Plus-sized P.I. Savannah Reid gets a taste of the high life when she attends a Hollywood premiere on the arm of husband Dirk Coulter. Savannah may be a newlywed, but even she gets weak in the knees when she meets celebrity athlete-turned-movie-star Jason Tyrone. So imagine how she feels when the star's rock-hard body is found rock-hard dead. . .
Some guys have everything. With his stunning looks and dazzling charm, Jason Tyrone is America's favorite new action hero. Make that was. Once so spectacular in action, the blockbuster idol was found dead in his hotel room after his latest premiere. Despite his chiseled physique, Jason is never getting up again. . .
Though the autopsy reveals Jason may have gotten his killer body through doping, no one wants to believe the beloved athlete is a fraud, least of all Savannah. Soon she's deeply immersed in the dark world of body enhancing drugs, and wondering if the world-class gym where Jason worked out is really just a front for a lucrative drug ring. Was Jason's death the price he paid for threatening to expose other celebrities caught in the clutch of keeping a flawless image? Or was everyone's favorite hero a victim of his own desire to always be at the top of his game? No stranger to society's obsession with image, Savannah is determined to get to the truth. And for the voluptuous investigator, this time it's personal. . .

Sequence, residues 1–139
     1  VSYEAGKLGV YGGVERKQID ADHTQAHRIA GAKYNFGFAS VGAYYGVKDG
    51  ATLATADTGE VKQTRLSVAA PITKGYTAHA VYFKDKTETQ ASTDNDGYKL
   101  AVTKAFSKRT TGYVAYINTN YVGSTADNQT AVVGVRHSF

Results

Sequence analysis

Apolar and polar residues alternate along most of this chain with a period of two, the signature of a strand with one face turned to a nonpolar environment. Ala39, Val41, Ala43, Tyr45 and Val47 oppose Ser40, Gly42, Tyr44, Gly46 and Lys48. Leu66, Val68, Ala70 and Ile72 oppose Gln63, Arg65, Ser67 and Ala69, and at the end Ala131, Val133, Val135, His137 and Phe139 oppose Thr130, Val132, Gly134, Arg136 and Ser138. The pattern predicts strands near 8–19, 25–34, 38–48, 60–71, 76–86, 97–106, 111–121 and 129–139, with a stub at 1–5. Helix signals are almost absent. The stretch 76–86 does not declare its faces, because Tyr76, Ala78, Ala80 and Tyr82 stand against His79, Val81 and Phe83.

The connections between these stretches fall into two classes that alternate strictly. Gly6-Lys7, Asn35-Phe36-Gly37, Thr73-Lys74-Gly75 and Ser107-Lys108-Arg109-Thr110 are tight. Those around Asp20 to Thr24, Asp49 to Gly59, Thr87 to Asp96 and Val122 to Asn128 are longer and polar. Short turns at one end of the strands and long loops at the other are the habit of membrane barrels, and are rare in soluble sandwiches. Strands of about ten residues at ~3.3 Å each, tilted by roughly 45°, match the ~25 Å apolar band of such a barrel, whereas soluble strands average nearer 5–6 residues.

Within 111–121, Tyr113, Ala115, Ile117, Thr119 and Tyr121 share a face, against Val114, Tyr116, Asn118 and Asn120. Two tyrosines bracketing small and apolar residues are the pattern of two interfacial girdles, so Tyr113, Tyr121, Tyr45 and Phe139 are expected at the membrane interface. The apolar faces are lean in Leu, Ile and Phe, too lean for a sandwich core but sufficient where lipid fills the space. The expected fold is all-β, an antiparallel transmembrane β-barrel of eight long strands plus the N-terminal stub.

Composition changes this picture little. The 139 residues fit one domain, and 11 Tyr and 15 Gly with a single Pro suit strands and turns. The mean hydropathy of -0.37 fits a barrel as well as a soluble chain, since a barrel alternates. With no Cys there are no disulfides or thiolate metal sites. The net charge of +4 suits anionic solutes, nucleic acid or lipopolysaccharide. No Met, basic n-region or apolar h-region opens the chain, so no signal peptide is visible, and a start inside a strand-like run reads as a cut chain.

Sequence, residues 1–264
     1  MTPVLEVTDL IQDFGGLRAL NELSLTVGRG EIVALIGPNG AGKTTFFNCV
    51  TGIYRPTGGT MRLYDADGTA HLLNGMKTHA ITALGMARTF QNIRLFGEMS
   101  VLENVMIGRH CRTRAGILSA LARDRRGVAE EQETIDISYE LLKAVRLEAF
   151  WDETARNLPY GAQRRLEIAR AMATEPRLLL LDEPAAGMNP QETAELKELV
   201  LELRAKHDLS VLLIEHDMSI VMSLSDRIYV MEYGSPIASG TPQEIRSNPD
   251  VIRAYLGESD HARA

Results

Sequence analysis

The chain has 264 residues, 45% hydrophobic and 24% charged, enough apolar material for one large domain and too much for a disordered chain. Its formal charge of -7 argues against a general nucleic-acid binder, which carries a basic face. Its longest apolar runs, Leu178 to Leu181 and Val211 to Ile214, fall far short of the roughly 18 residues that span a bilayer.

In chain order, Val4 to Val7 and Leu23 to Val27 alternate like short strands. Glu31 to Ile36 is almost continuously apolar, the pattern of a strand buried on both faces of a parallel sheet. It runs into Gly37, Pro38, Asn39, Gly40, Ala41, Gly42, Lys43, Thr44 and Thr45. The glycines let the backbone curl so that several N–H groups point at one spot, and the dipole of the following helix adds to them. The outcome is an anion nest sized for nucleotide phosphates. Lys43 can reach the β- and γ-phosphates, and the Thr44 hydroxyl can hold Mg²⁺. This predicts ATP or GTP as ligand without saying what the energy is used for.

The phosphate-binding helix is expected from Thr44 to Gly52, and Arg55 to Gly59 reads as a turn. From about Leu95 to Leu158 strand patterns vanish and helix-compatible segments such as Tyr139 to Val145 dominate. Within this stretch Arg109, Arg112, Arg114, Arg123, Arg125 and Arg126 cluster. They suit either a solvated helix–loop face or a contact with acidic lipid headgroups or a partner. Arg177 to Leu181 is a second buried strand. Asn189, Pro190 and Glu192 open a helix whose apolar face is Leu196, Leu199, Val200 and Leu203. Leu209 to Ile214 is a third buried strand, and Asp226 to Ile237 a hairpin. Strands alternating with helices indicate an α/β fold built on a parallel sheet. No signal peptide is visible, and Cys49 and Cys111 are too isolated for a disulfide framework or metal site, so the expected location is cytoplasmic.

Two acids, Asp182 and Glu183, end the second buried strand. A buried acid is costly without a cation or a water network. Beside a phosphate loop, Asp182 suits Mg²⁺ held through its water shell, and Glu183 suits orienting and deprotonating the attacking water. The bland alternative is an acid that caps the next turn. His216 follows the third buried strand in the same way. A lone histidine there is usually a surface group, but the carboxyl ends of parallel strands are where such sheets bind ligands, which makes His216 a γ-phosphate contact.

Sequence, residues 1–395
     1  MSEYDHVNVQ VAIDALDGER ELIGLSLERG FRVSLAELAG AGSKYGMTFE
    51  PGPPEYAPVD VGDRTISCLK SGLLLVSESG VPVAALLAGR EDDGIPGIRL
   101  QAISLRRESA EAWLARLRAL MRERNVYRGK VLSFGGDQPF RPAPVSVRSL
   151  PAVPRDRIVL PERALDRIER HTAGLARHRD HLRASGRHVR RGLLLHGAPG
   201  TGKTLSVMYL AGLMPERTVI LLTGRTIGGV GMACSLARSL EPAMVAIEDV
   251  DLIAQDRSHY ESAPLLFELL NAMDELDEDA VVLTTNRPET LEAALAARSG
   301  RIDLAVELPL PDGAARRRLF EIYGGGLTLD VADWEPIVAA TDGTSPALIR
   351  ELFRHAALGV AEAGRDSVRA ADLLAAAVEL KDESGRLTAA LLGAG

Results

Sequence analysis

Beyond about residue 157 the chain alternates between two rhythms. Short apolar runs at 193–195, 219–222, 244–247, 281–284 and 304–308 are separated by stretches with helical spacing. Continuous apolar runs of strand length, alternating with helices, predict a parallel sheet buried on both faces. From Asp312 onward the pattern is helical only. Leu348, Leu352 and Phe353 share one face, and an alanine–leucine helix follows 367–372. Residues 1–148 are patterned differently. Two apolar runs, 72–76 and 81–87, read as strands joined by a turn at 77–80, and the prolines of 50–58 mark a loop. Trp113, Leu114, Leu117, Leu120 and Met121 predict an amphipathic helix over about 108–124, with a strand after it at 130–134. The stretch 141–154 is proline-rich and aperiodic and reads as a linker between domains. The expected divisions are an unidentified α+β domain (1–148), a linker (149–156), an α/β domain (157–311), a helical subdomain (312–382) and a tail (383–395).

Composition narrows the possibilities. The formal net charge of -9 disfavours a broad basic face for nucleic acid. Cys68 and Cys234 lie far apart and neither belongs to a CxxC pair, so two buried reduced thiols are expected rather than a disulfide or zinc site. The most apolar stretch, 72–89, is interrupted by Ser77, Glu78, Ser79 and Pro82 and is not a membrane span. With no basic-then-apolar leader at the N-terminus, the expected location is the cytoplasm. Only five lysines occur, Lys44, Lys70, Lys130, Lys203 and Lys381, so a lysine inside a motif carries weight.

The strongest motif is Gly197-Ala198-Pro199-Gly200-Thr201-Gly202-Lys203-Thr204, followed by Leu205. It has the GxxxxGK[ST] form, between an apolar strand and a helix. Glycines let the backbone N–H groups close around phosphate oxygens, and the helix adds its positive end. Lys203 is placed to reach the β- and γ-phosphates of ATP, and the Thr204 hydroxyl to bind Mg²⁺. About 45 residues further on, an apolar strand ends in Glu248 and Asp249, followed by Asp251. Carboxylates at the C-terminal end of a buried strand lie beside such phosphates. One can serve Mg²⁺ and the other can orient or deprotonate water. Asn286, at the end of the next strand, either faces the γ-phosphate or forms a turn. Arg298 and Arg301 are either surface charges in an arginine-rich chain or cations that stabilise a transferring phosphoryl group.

Praise For G.A. McKvett And The Savannah Reid Mysteries
Buried In Buttercream
"McKevett has brought an exciting twist to the seventeenth entry in the series. . .a satisfying mystery." --Booklist
"Entertaining. . .readers will relish the author's trademark wit." --Publishers Weekly
"A wonderful edition to the series." --Suspense Magazine
A Decadent Way To Die
"Superb." --Publishers Weekly (Starred Review)
"Savannah's as feisty as ever." --Kirkus Reviews
Murder a la Mode
"Added to a well-plotted mystery, the very funny depiction of a different side of reality television makes Murder á la Mode a delight." --Mystery Scene
Peaches And Screams
"A luscious heroine, humor, and down-home characters." --Library Journal